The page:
This week we are on "spring vacation," and it is a lovely week to have chosen! It was in the 70's here yesterday, so we spent most of the day outside. I prepared my square-foot garden beds and planted peas. The little ones alternately came to help dig and left to play with the older ones in the far end of the yard, out of ear-shot of mama. Rhythm extends to yearly rituals that follow the seasons; spring is equated with planting and observing the new growth beginning, mud and all its joys, (reading sort of pales when side by side with mud) and the mud giving way to grass again (can't come soon enough!)

Happy Spring to you and yours!

Monday, March 9, 2009

Gardening, Sailing and Sugar

Garden dreaming, anyone? It's March, and in our house we have been dreaming of this year's garden since January. The unfair part is that last week, with temperatures in the 50s and 60s, we still were unable to plant anything as the ground was still frozen hard. Life in the Midwest does teach patience and perseverance. (I try to remember this when they are all complaining about missing the ocean and I am trying not to agree with them.) My daughter has been cultivating seedlings in her sunny bedroom since Christmas, when they each were given a baby Christmas tree in a pot. She began tomatoes, herbs and sunflowers shortly after that. They are doing very well, almost as nicely as mine which I started three days ago and are still in the dirt stage.

We did not make the cut for the island reef job. After a little disappointment, we were able to move on to our next project(s); camping and taking sailing lessons this summer and making the best square foot garden ever. We are wondering whether to add to our raised bed dirt that has sunk over the last three years, or dig up the weed cloth underneath and allow the roots to go deeper. Any advice from those who have tried the raised bed/weedcloth below option? It has been lovely having no weeds for the past few years, but nothing is thriving like it did before. I wonder if there is enough depth for proper root structure. Then again, my tomato plants did almost nothing last year either, and they were in the ground.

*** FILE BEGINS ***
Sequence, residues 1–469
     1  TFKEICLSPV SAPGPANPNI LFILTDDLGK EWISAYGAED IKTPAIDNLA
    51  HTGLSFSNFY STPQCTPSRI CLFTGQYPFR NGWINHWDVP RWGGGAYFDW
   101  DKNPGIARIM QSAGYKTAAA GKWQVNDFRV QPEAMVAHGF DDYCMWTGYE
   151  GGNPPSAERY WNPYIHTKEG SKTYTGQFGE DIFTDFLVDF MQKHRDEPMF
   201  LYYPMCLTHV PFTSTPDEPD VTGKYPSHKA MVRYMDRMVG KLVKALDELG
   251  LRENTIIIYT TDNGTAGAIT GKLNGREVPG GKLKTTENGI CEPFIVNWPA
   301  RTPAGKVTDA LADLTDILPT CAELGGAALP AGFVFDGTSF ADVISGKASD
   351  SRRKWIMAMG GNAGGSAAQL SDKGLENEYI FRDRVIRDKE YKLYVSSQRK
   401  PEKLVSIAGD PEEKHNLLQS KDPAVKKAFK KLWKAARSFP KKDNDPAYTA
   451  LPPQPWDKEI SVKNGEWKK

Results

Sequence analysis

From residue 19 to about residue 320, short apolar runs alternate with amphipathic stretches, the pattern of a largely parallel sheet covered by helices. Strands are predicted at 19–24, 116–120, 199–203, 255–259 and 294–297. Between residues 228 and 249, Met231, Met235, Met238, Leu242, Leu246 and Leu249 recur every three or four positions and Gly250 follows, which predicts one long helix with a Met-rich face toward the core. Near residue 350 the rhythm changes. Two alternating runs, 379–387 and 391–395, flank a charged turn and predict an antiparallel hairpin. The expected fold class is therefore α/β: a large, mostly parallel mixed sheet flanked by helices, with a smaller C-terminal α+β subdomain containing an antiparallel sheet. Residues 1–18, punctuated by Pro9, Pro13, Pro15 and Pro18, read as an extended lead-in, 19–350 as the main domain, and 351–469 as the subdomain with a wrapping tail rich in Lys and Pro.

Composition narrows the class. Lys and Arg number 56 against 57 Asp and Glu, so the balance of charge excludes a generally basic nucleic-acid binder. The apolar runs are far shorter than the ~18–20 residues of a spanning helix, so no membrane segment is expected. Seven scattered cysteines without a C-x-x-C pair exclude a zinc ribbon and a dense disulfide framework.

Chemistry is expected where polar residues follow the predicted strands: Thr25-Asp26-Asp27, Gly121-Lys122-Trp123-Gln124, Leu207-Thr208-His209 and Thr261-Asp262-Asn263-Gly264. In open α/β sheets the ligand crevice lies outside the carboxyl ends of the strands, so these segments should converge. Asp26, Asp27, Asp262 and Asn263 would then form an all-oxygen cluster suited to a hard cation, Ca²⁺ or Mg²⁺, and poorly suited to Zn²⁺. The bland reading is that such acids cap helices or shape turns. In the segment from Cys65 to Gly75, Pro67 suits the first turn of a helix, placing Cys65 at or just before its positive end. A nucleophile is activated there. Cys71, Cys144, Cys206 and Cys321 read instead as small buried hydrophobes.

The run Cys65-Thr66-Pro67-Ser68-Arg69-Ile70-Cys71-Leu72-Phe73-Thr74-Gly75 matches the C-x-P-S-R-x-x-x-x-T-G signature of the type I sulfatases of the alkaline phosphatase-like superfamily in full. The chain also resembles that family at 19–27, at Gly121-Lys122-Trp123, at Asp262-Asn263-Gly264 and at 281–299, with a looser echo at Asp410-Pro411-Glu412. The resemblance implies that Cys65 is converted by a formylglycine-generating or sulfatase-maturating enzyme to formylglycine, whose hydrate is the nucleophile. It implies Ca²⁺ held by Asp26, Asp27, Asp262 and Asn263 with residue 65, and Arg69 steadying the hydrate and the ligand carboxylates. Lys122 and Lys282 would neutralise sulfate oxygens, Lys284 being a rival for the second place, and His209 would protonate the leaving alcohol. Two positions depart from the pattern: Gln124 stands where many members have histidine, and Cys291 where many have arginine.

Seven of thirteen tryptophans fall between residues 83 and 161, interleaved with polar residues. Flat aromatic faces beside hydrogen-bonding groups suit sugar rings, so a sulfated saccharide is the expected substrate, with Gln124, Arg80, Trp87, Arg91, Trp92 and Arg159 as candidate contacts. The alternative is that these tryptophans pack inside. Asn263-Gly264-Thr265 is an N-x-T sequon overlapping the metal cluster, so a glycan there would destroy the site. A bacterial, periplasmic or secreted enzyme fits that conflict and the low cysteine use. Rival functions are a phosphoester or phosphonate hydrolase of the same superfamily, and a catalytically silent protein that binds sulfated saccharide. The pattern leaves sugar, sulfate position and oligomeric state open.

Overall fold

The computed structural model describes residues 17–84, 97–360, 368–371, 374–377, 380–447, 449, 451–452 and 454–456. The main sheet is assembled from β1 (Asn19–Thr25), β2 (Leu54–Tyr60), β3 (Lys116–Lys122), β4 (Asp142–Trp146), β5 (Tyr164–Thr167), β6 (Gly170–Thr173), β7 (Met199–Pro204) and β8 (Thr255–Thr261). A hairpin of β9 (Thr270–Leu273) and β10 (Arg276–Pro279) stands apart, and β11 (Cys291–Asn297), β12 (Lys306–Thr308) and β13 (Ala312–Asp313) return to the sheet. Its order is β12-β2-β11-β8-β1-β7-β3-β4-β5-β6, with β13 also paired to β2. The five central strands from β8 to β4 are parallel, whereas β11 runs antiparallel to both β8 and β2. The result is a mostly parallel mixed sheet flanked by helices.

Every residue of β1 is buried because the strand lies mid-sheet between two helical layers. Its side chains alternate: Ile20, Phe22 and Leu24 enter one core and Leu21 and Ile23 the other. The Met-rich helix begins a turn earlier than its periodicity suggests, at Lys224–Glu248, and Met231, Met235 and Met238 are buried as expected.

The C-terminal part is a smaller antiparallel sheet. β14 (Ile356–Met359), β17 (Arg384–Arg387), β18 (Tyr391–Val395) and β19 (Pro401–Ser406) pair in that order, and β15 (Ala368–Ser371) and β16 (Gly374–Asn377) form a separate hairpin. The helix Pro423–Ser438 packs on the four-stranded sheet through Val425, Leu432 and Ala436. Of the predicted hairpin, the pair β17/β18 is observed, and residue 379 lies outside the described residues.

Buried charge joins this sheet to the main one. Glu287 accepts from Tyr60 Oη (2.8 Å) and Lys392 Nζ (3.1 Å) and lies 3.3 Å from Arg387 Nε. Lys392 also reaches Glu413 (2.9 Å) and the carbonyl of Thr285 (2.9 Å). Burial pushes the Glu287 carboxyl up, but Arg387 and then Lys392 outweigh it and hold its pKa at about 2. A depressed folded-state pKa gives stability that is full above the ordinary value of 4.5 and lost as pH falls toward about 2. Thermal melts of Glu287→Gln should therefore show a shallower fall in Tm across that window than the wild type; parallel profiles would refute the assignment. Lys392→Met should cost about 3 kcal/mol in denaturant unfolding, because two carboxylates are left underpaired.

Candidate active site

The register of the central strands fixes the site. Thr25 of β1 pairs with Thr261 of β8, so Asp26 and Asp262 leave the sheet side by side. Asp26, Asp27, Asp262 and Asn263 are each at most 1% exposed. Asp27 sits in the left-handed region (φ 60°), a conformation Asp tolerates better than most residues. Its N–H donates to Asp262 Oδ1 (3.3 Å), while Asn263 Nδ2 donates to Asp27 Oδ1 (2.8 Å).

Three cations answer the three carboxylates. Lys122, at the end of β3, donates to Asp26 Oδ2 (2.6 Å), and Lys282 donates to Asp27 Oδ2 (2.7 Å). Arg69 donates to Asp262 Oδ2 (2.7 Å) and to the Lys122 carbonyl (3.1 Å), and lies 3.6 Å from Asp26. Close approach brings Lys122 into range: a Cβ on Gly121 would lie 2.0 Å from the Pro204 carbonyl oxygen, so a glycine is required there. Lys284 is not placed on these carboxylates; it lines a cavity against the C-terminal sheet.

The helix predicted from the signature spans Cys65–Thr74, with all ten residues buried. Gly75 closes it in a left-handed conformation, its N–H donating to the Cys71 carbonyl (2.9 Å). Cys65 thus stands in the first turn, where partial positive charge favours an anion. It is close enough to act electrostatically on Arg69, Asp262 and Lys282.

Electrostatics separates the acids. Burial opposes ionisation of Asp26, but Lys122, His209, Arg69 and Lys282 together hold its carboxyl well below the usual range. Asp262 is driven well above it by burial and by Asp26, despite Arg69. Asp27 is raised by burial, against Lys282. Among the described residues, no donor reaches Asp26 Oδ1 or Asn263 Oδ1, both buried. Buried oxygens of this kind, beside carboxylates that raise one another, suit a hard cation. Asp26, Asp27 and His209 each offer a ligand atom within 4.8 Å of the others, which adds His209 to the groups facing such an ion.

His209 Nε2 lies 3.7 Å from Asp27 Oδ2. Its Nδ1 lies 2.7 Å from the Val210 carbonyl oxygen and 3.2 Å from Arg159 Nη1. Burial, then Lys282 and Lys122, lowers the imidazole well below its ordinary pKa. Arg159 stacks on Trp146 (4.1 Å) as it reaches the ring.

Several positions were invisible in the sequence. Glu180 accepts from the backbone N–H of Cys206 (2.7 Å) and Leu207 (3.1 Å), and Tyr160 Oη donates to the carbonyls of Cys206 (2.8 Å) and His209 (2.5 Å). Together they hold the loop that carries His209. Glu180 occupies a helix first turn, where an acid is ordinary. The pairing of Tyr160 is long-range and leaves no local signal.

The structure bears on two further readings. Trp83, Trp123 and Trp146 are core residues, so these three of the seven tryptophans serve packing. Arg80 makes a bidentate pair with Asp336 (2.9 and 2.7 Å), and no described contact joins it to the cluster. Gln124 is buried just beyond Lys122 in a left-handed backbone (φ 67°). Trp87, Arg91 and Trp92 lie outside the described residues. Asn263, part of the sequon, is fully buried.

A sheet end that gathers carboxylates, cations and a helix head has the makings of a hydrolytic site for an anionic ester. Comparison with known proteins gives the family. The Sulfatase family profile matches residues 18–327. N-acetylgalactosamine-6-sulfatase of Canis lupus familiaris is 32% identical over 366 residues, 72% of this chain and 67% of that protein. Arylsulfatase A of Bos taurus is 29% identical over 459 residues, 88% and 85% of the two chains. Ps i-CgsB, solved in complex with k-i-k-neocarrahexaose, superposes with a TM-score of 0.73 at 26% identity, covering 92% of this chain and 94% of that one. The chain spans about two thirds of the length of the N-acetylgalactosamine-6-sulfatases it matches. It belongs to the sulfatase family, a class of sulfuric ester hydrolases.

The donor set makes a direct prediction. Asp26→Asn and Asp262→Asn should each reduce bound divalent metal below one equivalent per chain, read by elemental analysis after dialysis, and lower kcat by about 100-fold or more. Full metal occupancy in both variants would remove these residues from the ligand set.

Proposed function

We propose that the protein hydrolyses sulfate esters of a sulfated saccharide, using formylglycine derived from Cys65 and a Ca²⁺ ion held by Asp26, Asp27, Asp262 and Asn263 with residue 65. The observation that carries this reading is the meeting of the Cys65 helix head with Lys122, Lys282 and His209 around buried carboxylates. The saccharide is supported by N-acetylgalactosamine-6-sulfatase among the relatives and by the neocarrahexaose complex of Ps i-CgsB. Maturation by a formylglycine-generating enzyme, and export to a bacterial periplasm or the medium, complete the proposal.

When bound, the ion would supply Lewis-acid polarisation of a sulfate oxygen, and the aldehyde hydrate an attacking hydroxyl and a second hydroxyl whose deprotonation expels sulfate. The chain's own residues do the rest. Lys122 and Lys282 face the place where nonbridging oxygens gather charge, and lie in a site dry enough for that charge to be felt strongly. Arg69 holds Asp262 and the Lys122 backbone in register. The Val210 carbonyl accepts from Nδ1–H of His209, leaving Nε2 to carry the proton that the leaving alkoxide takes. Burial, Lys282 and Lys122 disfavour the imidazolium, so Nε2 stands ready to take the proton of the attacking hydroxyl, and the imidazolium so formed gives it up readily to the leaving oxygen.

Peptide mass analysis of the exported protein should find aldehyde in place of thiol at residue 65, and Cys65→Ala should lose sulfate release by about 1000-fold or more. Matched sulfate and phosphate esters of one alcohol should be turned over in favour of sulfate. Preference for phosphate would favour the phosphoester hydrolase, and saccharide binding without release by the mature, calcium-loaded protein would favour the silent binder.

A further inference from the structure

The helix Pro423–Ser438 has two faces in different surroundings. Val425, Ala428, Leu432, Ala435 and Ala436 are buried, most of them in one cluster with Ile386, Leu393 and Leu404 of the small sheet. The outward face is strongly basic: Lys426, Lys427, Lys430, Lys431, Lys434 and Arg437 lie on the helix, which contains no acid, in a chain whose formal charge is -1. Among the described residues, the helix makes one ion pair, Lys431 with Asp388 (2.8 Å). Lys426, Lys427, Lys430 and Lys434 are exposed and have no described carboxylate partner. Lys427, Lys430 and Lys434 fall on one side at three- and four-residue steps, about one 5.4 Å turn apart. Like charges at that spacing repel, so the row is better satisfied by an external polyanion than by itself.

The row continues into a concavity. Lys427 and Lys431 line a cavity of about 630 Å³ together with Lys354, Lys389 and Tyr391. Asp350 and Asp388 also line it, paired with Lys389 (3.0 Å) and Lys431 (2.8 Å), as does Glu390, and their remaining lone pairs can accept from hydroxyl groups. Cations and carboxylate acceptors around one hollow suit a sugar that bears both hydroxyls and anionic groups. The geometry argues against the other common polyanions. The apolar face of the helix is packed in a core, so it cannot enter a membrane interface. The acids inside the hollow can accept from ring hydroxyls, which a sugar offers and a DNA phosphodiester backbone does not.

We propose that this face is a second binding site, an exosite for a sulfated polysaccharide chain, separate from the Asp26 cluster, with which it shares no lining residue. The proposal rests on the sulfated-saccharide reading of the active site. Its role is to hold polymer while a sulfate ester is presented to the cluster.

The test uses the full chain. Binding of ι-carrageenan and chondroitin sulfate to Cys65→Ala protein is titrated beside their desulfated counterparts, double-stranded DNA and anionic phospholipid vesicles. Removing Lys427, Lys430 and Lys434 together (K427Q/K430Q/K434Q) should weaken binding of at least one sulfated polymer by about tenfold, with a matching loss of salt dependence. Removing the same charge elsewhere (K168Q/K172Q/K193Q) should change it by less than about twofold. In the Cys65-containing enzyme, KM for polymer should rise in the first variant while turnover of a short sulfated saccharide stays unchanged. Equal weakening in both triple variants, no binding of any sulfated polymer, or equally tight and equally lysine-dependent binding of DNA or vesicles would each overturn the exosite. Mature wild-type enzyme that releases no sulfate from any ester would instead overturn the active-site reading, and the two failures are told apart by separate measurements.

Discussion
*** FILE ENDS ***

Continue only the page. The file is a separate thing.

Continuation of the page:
To help while away the time until I can dig and plant, I am reading Barbara Kingsolver's "Animal, Vegetable, Miracle" a must-read I kept forgetting to read, but will now harp upon until everyone I know has read it. There are so many pages I could quote from it that I can hardly choose, but it is the book of the moment, meeting the needs of our food-impoverished society as things stand now in the U.S. Go find it at the library, buy it, borrow it, read it, your life will be richer, the world will be a better place.

Along with food-consciousness has come sugar awareness, back again from the drawer I had stuffed its ugly self into. It really was time to bring it back out. Girl Scout cookie week notwithstanding, (rather hypocritical of me, since we've eaten all of the thin mints), this stuff is bad for me. I had three excellent reminders of just how bad over the weekend. This is reminder number four, so if three times is a charm, four will be a promise not to forget. The stuff makes me itch, swells my joints and makes me a grumpier person. "Women's Bodies, Women's Wisdom" was one of my reminders, another was a friend who admitted that she used to yell, but she has not done so for a year now. When I asked her what her secret was, she answered, to my amazement; "no more sugar." Since that came less than half an hour after my research on my own health condition revealed I should cut out all refined sugar (something I already know), it had the impact of an oracle. Gosh am I glad the thin mints are gone!